WILLIAMSBURG — This area of Brooklyn is being considered ground zero for the measles outbreak in New York City.
“This outbreak has been spreading, there are almost 300 cases already, overwhelmingly in Brooklyn. And to give you a sense of what a troubling development this is, it’s a huge spike, we saw only two cases in New York City in 2017,” said Bill de Blasio, NY Mayor.
New York City Mayor Bill de Blasio officially declared the measles outbreak a public health emergency. On Tuesday, he ordered mandatory vaccinations for children and adults in Williamsburg, Brooklyn — specifically, Orthodox Jewish neighborhoods, where most kids have not been immunized.
“The only way to stop this outbreak is to ensure that those who have not been vaccinated get the vaccine. It’s crucial for people to understand, the measles vaccine works. It is safe, it is effective, it is time tested.”
A short distance away on the east side of Williamsburg, coffee shop owner Chevy Evangelista said he has not seen panic on this side of the neighborhood but they are certainly worried.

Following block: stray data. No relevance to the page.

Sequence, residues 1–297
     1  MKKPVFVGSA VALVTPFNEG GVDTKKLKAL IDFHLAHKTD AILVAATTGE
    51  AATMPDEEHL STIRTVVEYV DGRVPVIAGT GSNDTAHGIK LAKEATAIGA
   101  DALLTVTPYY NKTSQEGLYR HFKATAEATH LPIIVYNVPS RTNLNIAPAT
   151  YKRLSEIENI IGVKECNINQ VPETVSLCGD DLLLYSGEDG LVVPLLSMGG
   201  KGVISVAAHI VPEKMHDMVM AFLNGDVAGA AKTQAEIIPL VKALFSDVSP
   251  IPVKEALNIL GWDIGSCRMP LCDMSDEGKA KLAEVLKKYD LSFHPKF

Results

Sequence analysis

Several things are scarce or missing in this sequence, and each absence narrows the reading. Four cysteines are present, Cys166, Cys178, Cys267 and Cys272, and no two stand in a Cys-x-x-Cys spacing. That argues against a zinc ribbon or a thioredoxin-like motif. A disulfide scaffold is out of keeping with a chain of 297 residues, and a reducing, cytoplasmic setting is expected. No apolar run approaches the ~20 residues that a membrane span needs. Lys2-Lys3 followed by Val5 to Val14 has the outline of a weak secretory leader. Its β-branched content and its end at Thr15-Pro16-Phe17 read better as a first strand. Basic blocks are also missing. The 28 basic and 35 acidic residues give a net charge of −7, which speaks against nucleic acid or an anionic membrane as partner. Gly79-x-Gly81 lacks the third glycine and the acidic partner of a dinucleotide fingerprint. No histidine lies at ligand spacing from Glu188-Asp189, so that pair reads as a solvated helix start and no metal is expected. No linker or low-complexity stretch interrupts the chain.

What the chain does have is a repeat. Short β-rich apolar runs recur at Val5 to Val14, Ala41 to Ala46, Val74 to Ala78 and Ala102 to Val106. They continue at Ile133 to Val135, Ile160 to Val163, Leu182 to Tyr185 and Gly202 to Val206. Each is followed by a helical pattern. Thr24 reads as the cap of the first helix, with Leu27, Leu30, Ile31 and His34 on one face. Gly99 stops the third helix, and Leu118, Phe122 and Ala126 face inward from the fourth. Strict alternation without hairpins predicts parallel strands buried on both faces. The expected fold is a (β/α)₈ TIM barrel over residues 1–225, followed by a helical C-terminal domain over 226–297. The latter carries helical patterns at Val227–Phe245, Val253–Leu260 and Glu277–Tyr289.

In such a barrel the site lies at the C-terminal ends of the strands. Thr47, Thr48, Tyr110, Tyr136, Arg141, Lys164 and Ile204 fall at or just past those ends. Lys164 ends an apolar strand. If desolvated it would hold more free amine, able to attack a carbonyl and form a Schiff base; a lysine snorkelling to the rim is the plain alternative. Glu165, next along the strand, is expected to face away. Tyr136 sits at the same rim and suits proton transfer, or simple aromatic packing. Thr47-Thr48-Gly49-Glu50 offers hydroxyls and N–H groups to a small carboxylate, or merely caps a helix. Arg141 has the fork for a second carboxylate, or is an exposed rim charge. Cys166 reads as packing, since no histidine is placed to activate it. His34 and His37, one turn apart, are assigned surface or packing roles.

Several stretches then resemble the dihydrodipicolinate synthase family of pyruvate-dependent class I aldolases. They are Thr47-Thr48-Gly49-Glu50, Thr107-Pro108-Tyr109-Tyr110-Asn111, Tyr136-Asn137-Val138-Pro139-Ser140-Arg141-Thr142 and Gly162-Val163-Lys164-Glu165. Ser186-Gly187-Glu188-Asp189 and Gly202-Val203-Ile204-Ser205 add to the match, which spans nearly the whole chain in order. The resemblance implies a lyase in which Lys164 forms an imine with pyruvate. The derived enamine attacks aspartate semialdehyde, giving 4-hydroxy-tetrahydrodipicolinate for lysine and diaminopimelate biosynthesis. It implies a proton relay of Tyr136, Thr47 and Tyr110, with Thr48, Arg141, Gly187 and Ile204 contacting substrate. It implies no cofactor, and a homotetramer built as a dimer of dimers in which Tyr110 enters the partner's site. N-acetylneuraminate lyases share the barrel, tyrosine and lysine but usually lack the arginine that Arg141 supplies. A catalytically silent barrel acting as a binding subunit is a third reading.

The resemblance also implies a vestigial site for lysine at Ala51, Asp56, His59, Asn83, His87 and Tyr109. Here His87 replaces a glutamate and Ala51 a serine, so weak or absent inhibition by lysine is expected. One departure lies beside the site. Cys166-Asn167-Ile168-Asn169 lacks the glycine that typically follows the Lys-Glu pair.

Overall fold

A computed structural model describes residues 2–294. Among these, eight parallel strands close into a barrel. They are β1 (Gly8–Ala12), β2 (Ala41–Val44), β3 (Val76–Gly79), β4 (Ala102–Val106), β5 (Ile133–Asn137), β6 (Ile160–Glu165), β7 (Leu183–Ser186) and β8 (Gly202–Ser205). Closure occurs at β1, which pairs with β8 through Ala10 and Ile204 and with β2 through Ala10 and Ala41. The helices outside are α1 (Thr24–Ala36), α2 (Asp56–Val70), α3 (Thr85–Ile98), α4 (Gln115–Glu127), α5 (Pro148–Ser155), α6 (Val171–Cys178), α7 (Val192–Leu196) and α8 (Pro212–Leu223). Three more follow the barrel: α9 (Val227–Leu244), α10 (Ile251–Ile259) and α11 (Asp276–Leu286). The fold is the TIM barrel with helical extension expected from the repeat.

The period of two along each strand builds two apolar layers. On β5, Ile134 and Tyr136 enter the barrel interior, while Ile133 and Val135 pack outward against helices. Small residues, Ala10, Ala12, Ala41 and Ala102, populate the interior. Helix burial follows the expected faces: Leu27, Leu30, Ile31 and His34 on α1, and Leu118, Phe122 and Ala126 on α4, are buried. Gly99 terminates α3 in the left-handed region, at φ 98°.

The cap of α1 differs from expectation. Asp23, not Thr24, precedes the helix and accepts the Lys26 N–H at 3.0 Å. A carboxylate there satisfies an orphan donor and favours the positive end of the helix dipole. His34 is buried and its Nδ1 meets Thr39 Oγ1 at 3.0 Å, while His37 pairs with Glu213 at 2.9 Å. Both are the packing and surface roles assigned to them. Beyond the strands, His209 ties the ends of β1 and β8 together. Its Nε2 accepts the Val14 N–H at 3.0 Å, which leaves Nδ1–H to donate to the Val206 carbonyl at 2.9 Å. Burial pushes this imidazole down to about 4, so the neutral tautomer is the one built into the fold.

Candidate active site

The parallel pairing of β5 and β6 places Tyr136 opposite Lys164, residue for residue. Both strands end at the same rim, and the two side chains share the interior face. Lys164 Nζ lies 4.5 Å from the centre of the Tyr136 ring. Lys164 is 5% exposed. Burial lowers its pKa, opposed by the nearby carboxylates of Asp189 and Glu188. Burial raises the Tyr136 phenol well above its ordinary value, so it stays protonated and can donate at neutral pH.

“Yes, I’m very concerned! I’m very concerned about the anti-vaccination people – just try to believe in science.”
In the nearby boro of Queens, Filipinos in Woodside have some mixed reactions about the city’s health order.
At least 465 people nationwide have been diagnosed with the virus this year in the U.S.
This area of Brooklyn and the suburb of Rockland County just 40 miles north are hit the hardest – with over half the country’s cases. In Rockland County, officials are in a legal battle over banning children from public places, if they’re not immunized.
They are concerned about the spread of the disease beyond those neighborhoods.
“Especially now that our healthcare system is not great. And to be contracted with measles and what if these families don’t have health insurance.”
New York officials cannot physically force anyone to get the vaccine, but anyone violating the health order could face up to one thousand dollars in fines.